To begin, an apology. This blog might end up seeming like a bit of an advert. We’ll see how it goes. It’s also about reading, again!
I’ve had the great good fortune in the last month to do some quality reading. By “quality”, I mean stuff that has completely grabbed my imagination, played video in my head, as it were, entertained, and at the end, actually made me think “Hey, I am a better person for having read that!”. I don’t mean that in a big-headed sense, but if you have ever discovered places, read words, seen images, etc, that engaged you emotionally or vicariously with the subject-matter, and the experience left you enlivened or enlightened, you will know what I mean. You’ll have felt it too.
What’s more, the elements of the reading were nothing overtly “intellectual”, “spiritual” or what have you. One was a biography, one a motor sport magazine. The connection between these is less than intuitive. They fitted neatly into a very small amount of space, in my necessarily restricted luggage for a wonderful 2,000 mile (3,200km) motorcycle tour recently, from home to Monte Carlo and back, over eleven days at the end of May. If you know me and my bike, you’ll know that my idea of “restricted” is going to be somewhat more generous than might otherwise be conjured up by the words “motorcycle tour”, but the equation needed to take my wife’s luggage into account as well….
The biography was a story of a professional cyclist in Italy in the 1950’s and the early 1960’s, Franco Balmamion. Although I profess to be a fairly well-read cycling fan, and an unashamed italophile, I had never heard of him. It was also the first book by a writer who was also completely unknown to me. Here’s the advert. The hooks for me were the characterisations in the book. The story of the stars of the races described was set within the context of these men as they are today – most still living, most in their 70’s and 80’s, and most still able to tell it “like it was just yesterday”. I guess I realised early on that these sportsmen were the generational counterparts of many of the senior statesmen in my own sport, and were the newspaper material of their age, much like today’s young athletes will read of Armstrong, Contador, or Wiggins. My aim’s not to write a book review in this blog. I did that here, anyway, but this was a book that charmed me, taught me, and entertained me. Better than any medicines.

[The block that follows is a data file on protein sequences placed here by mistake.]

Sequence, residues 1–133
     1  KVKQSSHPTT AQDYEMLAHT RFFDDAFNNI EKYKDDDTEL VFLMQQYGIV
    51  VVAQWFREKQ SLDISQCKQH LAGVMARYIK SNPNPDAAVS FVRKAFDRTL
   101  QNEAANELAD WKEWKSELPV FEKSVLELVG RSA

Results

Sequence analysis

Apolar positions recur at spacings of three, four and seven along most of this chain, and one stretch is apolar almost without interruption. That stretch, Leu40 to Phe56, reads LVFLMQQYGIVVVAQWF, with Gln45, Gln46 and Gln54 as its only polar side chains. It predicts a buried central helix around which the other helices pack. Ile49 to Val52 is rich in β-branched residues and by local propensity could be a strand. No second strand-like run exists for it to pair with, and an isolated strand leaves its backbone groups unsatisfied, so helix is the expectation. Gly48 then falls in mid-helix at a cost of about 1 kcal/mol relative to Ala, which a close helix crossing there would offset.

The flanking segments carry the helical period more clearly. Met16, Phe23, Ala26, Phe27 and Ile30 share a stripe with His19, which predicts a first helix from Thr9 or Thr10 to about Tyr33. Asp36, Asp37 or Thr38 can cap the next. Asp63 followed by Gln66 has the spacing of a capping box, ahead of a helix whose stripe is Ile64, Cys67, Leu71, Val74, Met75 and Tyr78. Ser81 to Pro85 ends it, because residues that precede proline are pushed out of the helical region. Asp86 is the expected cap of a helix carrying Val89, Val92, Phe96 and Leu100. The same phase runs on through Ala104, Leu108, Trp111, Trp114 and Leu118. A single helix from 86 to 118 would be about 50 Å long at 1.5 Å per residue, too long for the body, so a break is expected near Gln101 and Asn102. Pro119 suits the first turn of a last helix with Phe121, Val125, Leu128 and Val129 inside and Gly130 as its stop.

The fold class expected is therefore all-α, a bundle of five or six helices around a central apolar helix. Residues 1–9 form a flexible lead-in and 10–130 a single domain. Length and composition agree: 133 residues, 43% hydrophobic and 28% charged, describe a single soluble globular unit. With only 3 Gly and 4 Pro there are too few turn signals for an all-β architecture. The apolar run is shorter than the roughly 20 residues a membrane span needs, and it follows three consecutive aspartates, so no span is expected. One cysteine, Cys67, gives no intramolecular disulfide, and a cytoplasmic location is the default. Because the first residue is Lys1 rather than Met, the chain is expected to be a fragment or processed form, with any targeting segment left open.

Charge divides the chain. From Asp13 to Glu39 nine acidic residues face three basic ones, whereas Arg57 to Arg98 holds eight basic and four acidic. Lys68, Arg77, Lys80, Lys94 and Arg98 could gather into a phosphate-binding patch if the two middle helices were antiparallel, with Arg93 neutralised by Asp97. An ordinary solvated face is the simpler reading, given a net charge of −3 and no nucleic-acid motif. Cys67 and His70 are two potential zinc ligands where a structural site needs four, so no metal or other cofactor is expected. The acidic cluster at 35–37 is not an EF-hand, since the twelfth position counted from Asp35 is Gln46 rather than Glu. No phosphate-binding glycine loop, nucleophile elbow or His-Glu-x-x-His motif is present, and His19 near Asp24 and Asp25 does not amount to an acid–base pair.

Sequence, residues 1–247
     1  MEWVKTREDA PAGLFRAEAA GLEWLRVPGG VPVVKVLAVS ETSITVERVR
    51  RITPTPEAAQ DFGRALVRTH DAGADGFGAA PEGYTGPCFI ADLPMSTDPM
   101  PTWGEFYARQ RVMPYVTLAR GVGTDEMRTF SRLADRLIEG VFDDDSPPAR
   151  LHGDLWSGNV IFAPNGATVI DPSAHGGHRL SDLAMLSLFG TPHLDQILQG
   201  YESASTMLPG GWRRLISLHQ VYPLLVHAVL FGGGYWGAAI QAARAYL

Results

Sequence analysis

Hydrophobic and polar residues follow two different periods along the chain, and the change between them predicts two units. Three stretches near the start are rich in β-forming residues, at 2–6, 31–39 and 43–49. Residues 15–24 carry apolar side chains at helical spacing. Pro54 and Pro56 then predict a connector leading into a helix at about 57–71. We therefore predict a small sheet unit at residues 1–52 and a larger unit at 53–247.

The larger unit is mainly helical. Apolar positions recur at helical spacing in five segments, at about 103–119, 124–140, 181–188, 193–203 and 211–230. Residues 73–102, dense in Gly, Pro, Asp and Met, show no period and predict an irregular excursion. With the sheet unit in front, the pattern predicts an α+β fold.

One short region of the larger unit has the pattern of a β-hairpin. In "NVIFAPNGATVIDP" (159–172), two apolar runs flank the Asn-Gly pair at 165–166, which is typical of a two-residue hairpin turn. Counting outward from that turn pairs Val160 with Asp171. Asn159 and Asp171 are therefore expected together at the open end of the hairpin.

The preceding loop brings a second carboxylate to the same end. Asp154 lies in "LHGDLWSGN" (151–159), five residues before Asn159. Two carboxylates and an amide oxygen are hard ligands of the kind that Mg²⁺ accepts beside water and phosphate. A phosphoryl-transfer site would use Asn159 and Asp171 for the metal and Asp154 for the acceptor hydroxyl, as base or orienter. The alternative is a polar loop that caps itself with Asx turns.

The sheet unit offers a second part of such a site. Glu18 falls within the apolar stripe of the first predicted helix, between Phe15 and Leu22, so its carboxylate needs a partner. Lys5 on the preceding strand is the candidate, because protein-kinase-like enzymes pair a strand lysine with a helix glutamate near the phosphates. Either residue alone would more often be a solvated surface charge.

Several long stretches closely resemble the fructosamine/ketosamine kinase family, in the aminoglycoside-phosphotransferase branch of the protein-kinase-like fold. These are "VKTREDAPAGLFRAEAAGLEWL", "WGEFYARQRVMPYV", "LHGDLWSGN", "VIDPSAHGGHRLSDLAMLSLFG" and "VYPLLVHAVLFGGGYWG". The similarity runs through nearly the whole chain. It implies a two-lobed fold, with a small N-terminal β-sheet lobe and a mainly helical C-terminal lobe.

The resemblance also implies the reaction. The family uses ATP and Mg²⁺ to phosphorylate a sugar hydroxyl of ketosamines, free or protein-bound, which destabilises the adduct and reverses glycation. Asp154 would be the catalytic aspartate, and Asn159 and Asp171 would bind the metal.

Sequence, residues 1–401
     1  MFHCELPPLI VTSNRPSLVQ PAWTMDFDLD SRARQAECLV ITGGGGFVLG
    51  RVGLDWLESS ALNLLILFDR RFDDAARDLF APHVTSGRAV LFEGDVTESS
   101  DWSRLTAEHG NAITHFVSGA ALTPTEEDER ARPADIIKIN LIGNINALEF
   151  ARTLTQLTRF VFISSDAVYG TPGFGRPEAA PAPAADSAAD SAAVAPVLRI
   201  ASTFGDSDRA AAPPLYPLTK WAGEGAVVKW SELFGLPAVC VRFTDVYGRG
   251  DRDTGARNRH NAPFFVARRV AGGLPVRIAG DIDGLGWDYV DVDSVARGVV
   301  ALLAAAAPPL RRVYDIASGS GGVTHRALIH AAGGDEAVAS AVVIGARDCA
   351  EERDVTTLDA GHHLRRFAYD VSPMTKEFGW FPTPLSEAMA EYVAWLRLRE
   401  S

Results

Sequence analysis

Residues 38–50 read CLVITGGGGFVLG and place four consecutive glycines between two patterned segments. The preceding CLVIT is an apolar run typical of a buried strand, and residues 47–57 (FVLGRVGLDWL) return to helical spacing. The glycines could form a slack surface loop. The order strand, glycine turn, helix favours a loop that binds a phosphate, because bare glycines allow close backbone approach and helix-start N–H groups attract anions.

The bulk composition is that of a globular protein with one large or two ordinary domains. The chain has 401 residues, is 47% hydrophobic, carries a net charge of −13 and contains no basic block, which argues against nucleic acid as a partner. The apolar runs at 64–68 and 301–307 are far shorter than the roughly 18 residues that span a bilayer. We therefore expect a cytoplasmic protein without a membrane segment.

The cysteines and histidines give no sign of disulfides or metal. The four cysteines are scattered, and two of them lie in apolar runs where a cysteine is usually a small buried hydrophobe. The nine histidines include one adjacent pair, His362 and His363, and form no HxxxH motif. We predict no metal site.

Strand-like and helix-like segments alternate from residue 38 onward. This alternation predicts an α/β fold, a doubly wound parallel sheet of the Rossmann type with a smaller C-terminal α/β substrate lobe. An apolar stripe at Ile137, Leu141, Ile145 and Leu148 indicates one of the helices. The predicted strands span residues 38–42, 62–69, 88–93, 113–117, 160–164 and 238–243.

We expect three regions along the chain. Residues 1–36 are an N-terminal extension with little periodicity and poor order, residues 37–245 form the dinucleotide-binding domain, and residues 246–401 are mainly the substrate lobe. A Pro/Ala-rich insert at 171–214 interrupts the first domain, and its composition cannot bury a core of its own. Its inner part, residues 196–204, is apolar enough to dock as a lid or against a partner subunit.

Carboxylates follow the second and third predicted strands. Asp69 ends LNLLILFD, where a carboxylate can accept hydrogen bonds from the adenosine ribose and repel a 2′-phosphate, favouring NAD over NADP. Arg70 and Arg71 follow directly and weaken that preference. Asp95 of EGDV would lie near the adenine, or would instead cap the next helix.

I don’t read much motorsport writing. My web-site explains something about my fondness for classic motorsport. This underpins my monthly indulgence in purchasing “the big green one”, aka “Motorsport” magazine. It has firmly established itself as containing something for everyone, be it intelligent reflection on the modern Formula One scene, nostalgic looks back at the olden, golden days, usually without benefit of the rose-tinted lenses, or chewing the cud with those at the fast end, then and now. What really did it for me was the mix of styles. The magazine served me for the best part of the week, just as a volume of the best short stories might have done.
It was also the incongruity of finding parallels between a sport I have only ever stood and gawped at, and one that has for years drained me of sweat and tears. Witness Jacky Ickx describing the relationship between sports car racing drivers in the Ferrari scuderia in the early 1970’s: “The biggest difference between us was the degree of desire. There was less difference between the amount of talent. OK, some were more fit than others, more resilient, but the key was the desire to win. This is a very individualistic sport: one thing that never changes is that your team-mate may be your best friend – but he’s also your worst enemy!” We Masters Athletes know that feeling!
I have a whole string of competitions coming up over the next month. It will help bulk out my 2010 track CV, which currently reads “run one, won one”. Could be worse.